Harry Matthews and Jamie O’Herlihy, a transgender couple who regularly discuss their life together on their YouTube Channel ‘ThatTransCouple’: Entitled ‘Dear Parents’, the couple’s article is an open letter to parents who have an LGBT child, or who may be worried that their child is struggling with their sexuality or gender identity. Based on their own very different experiences of coming out, they offer insight into how parents reactions can impact on their children. The letter ends with information about parents support services, with an appeal to parents to seek support for themselves to help them deal with the situation and learn more about what it is their child may be going through.
Vanessa Lacey the Health and Education Manager with Transgender Equality Network Ireland (TENI): Writes about the origins of the Irish peer support service for parents and family members of trans people, called TransParenCI. Speaking openly about her own experience of the lack of support for her family when she transitioned, Vanessa describes the many challenges that families face when their child is trans and the importance of having the opportunity to speak outside the family about their situation. In five years TransParenCI has grown from one small group of parents, to a thriving peer support service, offering support groups and an annual residential programme, for parents, siblings, children, spouses, aunts/uncles, grandparents, neighbours and friends!
Dr. Mel Duffy Lecturer in the School of Nursing & Human Sciences, DCU and Lesbian Mum On accepting herself as a lesbian 30 years ago, Mel grieved the fact that meant she would never have children. In 2008, with her partner of eight years, that fact changed with the birth of their first child, a beautiful baby boy. With a brother and sister to follow, family life became the focus but so too did the painful reality that to all intent and purposes Mel was ‘a nobody’ to her children in the eyes of the state. Mel’s article reflects on what it was like to live through this reality, and what it meant to become a legal guardian of her children in 2016.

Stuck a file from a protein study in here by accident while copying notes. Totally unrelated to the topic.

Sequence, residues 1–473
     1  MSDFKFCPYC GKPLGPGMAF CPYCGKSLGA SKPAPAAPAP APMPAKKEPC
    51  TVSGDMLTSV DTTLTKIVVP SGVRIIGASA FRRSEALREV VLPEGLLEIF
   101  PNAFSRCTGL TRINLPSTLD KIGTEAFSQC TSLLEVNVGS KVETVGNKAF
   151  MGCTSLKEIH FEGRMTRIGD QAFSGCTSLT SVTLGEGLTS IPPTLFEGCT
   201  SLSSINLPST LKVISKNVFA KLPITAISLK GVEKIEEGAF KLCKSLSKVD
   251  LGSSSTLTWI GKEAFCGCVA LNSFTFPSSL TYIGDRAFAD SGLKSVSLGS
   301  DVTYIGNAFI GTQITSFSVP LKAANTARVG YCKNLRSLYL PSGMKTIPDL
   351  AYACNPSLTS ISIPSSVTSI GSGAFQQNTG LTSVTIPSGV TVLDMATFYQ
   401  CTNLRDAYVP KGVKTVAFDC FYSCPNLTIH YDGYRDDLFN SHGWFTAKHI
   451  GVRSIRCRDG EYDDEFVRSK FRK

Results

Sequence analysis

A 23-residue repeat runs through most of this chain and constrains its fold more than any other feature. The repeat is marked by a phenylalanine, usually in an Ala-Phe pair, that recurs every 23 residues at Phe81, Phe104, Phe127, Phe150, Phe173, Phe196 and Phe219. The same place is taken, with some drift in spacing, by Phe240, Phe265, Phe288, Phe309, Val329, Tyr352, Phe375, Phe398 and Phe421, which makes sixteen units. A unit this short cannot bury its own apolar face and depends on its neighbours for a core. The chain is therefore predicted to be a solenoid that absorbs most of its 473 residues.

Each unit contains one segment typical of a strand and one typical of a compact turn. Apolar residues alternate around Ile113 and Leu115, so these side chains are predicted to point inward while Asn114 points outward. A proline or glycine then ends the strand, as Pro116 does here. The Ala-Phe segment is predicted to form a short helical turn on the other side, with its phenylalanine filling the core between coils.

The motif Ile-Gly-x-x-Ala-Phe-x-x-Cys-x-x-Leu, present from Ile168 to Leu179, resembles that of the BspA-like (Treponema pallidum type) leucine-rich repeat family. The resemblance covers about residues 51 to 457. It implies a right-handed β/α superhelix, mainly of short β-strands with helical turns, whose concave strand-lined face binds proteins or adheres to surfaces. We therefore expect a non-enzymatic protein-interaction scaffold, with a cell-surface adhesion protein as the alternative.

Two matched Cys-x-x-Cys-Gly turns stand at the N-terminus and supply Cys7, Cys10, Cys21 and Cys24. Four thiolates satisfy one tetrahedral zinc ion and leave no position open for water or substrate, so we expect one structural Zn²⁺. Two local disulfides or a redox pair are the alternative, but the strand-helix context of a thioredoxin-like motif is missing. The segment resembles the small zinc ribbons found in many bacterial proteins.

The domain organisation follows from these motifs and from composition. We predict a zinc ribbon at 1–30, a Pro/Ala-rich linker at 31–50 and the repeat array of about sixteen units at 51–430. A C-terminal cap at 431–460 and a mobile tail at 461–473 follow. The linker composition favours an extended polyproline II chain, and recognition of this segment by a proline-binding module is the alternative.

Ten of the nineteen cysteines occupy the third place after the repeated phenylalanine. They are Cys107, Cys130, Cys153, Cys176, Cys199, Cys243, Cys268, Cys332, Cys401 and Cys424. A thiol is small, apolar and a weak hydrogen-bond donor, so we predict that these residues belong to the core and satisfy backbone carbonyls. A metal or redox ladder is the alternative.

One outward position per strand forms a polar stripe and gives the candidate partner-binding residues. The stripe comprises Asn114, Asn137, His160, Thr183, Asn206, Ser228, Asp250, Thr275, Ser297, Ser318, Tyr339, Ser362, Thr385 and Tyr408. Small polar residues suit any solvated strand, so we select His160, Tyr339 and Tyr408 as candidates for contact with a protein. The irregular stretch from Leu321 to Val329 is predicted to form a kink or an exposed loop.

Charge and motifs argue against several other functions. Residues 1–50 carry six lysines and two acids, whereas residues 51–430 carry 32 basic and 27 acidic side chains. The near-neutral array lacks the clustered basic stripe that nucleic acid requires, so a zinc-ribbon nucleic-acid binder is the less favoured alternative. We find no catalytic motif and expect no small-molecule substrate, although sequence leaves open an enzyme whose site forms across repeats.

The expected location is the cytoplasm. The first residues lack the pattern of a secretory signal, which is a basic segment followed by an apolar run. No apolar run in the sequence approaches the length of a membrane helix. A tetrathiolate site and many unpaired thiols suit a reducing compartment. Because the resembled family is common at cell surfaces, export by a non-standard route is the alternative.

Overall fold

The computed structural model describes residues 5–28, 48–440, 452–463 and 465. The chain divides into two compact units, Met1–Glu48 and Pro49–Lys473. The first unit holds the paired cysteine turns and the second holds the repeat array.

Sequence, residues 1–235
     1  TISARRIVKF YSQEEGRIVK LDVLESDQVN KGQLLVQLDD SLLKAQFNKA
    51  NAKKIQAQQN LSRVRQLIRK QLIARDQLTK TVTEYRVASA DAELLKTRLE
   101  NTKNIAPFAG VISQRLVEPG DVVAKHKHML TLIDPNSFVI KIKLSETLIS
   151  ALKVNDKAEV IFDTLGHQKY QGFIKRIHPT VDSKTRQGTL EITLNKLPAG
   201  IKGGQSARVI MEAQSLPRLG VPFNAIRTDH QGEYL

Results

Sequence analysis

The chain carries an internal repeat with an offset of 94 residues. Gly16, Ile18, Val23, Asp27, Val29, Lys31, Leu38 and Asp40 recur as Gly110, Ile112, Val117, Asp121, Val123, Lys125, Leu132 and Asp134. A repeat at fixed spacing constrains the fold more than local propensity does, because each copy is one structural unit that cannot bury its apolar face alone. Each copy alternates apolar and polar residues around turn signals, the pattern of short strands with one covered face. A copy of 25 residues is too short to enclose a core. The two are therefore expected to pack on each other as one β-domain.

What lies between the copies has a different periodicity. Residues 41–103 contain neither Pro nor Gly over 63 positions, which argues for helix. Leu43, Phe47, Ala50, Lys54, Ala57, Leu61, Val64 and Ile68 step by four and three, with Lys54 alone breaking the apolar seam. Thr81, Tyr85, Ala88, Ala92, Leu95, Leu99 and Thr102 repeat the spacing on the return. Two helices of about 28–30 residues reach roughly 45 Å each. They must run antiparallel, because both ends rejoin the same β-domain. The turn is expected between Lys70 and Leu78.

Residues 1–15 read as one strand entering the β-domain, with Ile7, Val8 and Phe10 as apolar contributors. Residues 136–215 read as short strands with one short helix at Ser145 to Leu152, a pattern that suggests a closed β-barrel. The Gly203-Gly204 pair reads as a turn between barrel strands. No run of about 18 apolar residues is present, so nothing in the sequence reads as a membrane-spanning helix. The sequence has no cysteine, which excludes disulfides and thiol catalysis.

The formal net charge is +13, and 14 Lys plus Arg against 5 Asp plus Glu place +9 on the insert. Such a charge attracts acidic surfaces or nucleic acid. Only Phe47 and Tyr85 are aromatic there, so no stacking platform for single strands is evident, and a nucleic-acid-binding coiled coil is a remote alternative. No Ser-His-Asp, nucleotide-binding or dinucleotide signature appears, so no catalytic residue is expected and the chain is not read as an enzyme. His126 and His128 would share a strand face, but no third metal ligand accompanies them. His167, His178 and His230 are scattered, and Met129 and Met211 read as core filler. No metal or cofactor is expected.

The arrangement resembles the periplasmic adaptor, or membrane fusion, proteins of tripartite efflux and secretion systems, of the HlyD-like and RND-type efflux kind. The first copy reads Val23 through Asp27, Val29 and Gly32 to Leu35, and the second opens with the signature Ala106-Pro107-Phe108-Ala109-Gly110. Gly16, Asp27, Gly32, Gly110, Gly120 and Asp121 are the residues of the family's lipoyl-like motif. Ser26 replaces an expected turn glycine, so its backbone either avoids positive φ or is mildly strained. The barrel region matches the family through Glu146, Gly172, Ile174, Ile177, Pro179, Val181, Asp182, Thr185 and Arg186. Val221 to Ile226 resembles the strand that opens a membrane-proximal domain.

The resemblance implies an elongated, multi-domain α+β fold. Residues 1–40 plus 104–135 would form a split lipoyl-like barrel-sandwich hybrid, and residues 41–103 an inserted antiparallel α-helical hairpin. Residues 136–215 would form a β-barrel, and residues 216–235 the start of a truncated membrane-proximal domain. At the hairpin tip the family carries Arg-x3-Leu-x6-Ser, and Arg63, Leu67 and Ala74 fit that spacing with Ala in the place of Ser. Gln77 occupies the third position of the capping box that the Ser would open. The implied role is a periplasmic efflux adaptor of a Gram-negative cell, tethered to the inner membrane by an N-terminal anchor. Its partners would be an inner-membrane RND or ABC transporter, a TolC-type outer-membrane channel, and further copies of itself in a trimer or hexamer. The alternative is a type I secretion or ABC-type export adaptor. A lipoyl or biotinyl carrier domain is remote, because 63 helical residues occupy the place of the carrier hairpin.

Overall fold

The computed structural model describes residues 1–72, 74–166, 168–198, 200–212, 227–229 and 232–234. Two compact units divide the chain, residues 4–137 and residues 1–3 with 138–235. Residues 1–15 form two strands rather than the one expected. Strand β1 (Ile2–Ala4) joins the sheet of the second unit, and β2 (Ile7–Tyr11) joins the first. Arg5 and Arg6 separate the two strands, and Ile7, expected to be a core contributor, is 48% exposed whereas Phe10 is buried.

If you would like to contribute a blog article or find out more information about our services, we’d love to hear from you. You can contact us by emailing email@example.com, or for support and information our helpline 1890 929 539 and online chat support services on www.lgbt.ie, are open 7 days a week, see our opening hours below.
Monday to Wednesday 6.30pm-9pm
Friday 4pm – 9pm
Saturday & Sunday 4pm- 6pm
Paula Fagan is the national coordinator with the LGBT Helpline. She has been an activist on LGBT rights for many years and has authored a number of research reports including The LGBT Parenthood Study, published in 2011. Paula lives in Dublin with her partner Denise and their two boys.